Now, you are on your way to a successful user test, but this is where the real work begins.
Step 2: Ask the right questions to surface meaningful feedback
The thoughts and responses you get from user testing make the efforts worthwhile. So how do you make sure you are surfacing meaningful feedback? It’s all about the questions you ask and what you task your carefully selected panel with.
While specifics will change based on your brand and goals, below are a few guidelines to help navigate the creation of your user testing questions.
- Avoid biasing your audience by forming an intro question that does not prime users with the purpose of the site. Here is an example: Imagine you are browsing for home decor online. Without leaving the homepage, describe in your own words what you think you can do on this site? What would you come here for?
- Outline key pain points from data you already analyzed to help structure your questions and tasks. This will reveal why users behave the way they do on your site. For example, if you notice from the data that users are most often abandoning the product page, you may want to focus some of your questions on what content is working there and what isn’t. For example, what, if anything, is missing from the product page that you would need to know in order to complete your purchase?
- The first few minutes of a user testing session are typically mimicking the most ‘natural’ interaction someone has with your site. A frequent mistake is being too narrow-minded or specific with tests and losing the user’s natural behavior. To avoid this, use a time limit and after a few priming questions, start testing with “Explore this website in whatever area interests you. Spend no more than a few minutes on this task.” This produces close-to-natural behavior that will show you what’s grabbing user attention and how they would organically behave on-site before moving to the next task.
- Before launching user testing, always run a pilot (a small-scale, preliminary test) to uncover unclear questions and areas for improvement in your test.
- Don’t run too many tests. A study has found that roughly five users per usability test uncover about 80% of usability issues.
Review these guidelines with each user test you conduct. Even trained researchers review the basics continually during their work and studies. Learning to remove bias, set learning goals, and avoid unnatural behavior will build higher impact user tests.
Launching a pilot test, and moving in small, iterative testing cycles means you’re never taking risks by investing precious resources into a potentially faulty test.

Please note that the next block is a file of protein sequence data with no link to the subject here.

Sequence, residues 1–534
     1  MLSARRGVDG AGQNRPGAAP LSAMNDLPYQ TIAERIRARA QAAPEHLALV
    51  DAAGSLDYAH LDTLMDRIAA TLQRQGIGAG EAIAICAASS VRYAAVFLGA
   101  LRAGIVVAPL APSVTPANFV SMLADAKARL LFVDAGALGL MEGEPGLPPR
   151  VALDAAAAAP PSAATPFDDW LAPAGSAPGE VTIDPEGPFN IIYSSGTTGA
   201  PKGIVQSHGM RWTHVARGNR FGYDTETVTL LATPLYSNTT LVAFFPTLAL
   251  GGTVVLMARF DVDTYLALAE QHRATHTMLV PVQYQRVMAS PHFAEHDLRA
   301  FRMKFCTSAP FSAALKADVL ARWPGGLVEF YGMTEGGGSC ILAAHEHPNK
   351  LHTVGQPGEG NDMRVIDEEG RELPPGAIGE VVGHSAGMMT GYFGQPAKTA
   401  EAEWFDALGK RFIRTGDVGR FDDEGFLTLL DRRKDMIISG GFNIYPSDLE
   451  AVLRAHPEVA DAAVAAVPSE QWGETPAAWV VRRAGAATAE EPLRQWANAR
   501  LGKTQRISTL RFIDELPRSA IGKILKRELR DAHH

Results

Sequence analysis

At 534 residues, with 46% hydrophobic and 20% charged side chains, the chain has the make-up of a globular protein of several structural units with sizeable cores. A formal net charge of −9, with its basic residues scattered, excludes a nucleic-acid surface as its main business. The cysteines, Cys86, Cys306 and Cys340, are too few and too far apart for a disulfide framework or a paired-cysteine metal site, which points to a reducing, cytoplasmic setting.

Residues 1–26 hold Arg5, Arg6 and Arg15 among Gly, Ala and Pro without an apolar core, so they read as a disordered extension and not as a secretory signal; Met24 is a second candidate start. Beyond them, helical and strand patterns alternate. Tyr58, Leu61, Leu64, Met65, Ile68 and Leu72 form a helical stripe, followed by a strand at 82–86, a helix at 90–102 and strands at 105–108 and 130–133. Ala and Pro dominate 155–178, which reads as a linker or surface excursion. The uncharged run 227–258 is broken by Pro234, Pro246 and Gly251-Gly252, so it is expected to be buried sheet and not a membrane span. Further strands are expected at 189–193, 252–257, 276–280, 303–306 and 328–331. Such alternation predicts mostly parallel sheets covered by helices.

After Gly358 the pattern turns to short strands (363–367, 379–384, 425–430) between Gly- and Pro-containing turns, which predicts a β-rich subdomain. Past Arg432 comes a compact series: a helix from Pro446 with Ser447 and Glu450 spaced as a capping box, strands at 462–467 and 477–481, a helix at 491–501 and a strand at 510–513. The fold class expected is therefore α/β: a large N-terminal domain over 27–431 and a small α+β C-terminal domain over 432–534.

Now is the most exciting part of the user testing process: receiving and analyzing results to create winning strategies for your brand.
Step 3: Analyze and leverage your data for winning strategies
Though exciting, analyzing and leveraging the data you collect from user tests can be an intimidating item on your to-do list.
Your tests have likely pointed out a host of usability issues and maybe even some customer experience pain points. Below you’ll learn how to sift through data, prioritize issues, and come up with winning A/B tests and strategies to improve your site.
Analyze the results
As a starting point for analyzing the results of your test, always return to your objectives. Remind yourself of the goals you had for the tests, and pick out insights and feedback that will get you closer to those goals.
Then, while you sift through the results of your user tests, remember that the suggestions made should not be taken literally. While feedback from consumers is valuable, it does not often address the root of the issue. Gather the insights efficiently so you can come up with a solution that meets the needs of the customer and the business, not the self-identified frustration or problem.
Another technique to better understand the sentiment of users is to pull quotes from the testing sessions. This can help identify areas of misunderstanding, i.e. when the user says they are going to do one thing but gets lost along the way. Direct quotes also offer insight into user expectations that are not being met.
Always remember as you go through results to take the user ratings with a grain of salt. For example, some users will rate a website as highly navigable even though they took much more time than ideal for reaching the desired result. This could be because they think they failed at navigating the site when really the site failed them. To do this, pay attention to how long tasks take.